Originally the Doornenburg castle was a fortified manor built in the 9th century, under the name Villa Dorenburc. In the 13th century it was converted into a modest castle. Through the centuries the castle was expanded further into the current form. The front-castle was built in the 15th century. The front-castle contains sleeping quarters, a chapeland a farm, the last being a unique feature for a Dutch castle. It is one of the biggest and best preserved castles in the Netherlands.
Castle Doornenburg was occupied until the 19th century. After that it fell into neglect. In 1936 the Stichting tot Behoud van den Doornenburg was created, which had the castle restored from 1937 to 1941. In the end of the Second World War the castle was almost completely destroyed. It was long thought the Germans had blown it up, but it turned out that the castle had been hit by a British bombardment in March 1945. The castle was completely rebuilt from 1947 to 1968.References:
German crusaders known as the Livonian Brothers of the Sword began construction of the Cēsis castle (Wenden) near the hill fort in 1209. When the castle was enlarged and fortified, it served as the residence for the Order's Master from 1237 till 1561, with periodic interruptions. Its ruins are some of the most majestic castle ruins in the Baltic states. Once the most important castle of the Livonian Order, it was the official residence for the masters of the order.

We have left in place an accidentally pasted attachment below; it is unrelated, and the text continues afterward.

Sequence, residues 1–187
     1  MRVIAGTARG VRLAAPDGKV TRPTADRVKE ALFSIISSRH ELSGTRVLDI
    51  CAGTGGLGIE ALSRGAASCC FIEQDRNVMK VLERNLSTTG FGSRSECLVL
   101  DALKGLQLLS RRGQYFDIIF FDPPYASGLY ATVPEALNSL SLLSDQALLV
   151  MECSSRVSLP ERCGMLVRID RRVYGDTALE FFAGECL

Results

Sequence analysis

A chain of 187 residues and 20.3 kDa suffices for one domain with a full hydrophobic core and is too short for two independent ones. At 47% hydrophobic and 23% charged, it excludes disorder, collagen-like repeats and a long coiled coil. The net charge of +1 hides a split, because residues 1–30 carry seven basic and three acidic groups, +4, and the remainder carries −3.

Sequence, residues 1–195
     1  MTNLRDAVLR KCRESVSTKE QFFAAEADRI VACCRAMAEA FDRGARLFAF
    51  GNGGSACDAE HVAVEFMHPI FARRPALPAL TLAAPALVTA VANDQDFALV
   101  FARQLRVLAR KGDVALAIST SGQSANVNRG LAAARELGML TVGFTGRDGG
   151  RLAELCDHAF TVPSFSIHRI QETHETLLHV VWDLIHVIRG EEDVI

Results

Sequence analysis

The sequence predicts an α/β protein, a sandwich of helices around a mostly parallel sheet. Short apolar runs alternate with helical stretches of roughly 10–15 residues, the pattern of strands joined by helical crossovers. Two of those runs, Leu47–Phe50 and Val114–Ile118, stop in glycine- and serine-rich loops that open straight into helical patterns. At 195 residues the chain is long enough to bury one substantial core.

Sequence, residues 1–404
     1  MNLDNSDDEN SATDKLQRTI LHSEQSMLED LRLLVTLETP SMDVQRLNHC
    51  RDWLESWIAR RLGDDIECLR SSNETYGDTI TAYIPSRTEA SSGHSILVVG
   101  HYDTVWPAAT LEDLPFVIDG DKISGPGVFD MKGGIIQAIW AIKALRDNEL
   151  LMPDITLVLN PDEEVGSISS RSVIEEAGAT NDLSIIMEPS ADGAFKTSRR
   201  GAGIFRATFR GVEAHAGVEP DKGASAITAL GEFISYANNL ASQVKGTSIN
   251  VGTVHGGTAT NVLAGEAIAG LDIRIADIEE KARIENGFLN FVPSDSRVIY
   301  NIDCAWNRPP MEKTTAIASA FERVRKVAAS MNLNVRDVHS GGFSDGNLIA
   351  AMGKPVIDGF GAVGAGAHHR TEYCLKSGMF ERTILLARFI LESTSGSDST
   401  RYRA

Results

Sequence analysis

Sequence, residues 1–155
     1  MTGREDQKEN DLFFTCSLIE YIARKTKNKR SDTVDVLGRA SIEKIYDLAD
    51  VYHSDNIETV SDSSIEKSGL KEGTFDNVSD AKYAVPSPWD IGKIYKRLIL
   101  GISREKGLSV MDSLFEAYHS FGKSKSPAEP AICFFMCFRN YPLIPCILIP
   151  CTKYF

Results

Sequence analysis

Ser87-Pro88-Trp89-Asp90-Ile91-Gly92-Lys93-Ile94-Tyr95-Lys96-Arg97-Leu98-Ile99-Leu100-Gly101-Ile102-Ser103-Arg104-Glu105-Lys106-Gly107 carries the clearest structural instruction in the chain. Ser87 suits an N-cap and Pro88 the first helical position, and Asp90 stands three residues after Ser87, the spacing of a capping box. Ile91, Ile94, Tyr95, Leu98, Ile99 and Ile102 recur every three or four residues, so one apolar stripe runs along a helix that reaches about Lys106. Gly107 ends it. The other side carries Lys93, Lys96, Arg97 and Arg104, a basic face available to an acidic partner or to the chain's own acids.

In 1577, during the Livonian War, the garrison destroyed the castle to prevent it from falling into the control of Ivan the Terrible, who was decisively defeated in the Battle of Wenden (1578).
In 1598 it was incorporated into the Polish-Lithuanian Commonwealth and Wenden Voivodship was created here. In 1620 Wenden was conquered by Sweden. It was rebuilt afterwards, but was destroyed again in 1703 during the Great Northern War by the Russian army and left in a ruined state. Already from the end of the 16th century, the premises of the Order's castle were adjusted to the requirements of the Cēsis Castle estate. When in 1777 the Cēsis Castle estate was obtained by Count Carl Sievers, he had his new residence house built on the site of the eastern block of the castle, joining its end wall with the fortification tower.
Since 1949, the Cēsis History Museum has been located in this New Castle of the Cēsis Castle estate. The front yard of the New Castle is enclosed by a granary and a stable-coach house, which now houses the Exhibition Hall of the Museum. Beside the granary there is the oldest brewery in Latvia, Cēsu alus darītava, which was built in 1878 during the later Count Sievers' time, but its origins date back to the period of the Livonian Order. Further on, the Cēsis Castle park is situated, which was laid out in 1812. The park has the romantic characteristic of that time, with its winding footpaths, exotic plants, and the waters of the pond reflecting the castle's ruins. Nowadays also one of the towers is open for tourists.